In this extract translated from original Bengali, Rabindranath Tagore speaks of how his mother’s love made him aware of the Divine Grace in his life.
After exploring the theme of Yoga of Indian Nation, we do a deep dive into the soul of India, the Sanatana Dharma. The Veda, Sri Aurobindo tells us, is the bed-rock of Indian civilisation, and is the creation of an early intuitive and symbolic mentality. Inspired by this we explore in this issue the theme of symbolism in Sanatana Dharma.
The author helps us understand the deep symbolism behind the story of Daksha Prajapati’s head being severed, and his acquiring the head of a goat.
The key characters in the story are the children of four different kinds of light, Soma, Agni, Vajra and Surya, invoking the symbolism of these Vedic deities.
The author underlines some of the key ideas of Sri Aurobindo that could be taken forward for further treatment in academia, both present and future.
What is the right place and significance of reading spiritual literature in the path of sadhana? Can reading help prepare the sadhak, can it become a hindrance? Should a sadhak read only spiritual or religious literature? What about the literary classics that are often considered ‘secular’ literature? What does it mean to study literature or write only for the Divine? These and a few more questions are explored in the current issue.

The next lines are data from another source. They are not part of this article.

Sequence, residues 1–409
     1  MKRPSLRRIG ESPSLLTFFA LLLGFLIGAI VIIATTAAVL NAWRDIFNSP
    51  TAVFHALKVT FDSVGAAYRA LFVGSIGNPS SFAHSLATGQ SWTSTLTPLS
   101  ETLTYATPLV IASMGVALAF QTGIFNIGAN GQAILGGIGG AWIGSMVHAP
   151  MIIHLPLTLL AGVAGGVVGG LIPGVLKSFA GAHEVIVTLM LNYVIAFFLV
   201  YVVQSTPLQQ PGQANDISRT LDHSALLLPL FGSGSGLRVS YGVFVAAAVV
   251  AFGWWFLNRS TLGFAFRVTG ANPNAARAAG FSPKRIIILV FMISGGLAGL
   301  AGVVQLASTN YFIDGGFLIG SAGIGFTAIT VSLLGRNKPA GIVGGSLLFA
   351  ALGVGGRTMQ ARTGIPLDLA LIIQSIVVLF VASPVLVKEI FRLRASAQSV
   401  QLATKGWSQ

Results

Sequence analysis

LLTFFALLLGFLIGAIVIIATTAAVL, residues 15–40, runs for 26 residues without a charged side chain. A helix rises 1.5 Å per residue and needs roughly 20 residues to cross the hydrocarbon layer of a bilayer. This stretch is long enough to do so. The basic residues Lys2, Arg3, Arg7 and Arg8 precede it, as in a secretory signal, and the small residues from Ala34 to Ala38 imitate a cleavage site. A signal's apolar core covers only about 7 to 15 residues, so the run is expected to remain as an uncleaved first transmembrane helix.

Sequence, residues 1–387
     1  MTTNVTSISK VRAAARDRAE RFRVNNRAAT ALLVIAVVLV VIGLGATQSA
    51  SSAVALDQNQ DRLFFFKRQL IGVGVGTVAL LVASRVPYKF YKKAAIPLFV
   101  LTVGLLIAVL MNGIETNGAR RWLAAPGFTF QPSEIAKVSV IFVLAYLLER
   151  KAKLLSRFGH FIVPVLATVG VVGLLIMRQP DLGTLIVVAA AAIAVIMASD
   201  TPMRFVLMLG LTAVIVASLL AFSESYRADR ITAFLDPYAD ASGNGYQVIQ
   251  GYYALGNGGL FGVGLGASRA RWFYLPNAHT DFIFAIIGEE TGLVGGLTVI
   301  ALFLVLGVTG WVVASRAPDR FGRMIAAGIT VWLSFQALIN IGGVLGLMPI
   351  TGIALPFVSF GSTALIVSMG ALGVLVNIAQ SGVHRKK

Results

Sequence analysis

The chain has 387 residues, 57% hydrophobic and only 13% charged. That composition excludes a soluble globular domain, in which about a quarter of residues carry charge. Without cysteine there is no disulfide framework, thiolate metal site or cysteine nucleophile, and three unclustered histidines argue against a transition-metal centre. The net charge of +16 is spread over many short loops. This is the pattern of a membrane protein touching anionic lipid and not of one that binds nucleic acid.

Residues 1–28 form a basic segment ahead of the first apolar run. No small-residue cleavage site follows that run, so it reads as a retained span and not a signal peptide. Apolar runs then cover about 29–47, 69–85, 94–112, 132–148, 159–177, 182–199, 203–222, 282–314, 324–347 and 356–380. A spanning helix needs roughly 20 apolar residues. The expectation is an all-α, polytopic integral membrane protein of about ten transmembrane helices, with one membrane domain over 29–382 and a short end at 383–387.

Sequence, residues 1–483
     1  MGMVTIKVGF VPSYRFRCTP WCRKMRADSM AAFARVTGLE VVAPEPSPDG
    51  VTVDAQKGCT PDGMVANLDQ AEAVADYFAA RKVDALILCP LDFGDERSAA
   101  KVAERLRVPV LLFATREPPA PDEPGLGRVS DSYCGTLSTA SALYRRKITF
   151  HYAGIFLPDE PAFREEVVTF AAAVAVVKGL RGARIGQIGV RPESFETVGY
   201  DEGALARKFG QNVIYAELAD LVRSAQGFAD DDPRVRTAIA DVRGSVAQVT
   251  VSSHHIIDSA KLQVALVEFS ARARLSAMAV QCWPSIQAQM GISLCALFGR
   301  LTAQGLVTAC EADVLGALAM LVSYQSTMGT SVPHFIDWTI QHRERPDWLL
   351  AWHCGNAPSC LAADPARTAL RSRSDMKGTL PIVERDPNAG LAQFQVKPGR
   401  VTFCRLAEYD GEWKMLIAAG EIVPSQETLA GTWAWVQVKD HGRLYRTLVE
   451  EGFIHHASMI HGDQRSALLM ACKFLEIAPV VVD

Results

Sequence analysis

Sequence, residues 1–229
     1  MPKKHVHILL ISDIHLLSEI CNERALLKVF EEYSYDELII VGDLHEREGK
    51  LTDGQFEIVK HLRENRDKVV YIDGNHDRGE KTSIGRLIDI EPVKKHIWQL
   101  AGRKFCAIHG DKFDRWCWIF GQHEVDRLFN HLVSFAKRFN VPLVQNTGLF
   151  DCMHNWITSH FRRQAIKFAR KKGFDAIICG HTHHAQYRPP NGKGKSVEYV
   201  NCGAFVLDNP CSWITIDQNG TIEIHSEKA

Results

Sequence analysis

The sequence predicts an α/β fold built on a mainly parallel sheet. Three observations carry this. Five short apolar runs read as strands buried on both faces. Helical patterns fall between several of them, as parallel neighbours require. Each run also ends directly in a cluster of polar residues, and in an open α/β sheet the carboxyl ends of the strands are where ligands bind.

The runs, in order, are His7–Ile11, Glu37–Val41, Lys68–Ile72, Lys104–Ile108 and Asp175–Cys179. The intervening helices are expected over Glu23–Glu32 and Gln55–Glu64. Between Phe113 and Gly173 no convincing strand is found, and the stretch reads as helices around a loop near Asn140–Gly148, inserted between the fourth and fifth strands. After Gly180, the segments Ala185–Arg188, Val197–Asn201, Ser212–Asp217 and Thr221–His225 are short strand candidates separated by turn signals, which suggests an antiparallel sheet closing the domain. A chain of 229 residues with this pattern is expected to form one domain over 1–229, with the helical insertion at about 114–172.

The Mother answers some questions about how one should approach literature, especially if one is an aspirant on the path of integral yoga. She explains that the significance of literature is not on what is said but on how it is being said and the feeling it evokes in the reader.
The author emphasises that we should so train ourselves in heart and mind that Savitri becomes an experience of a miraculous communion.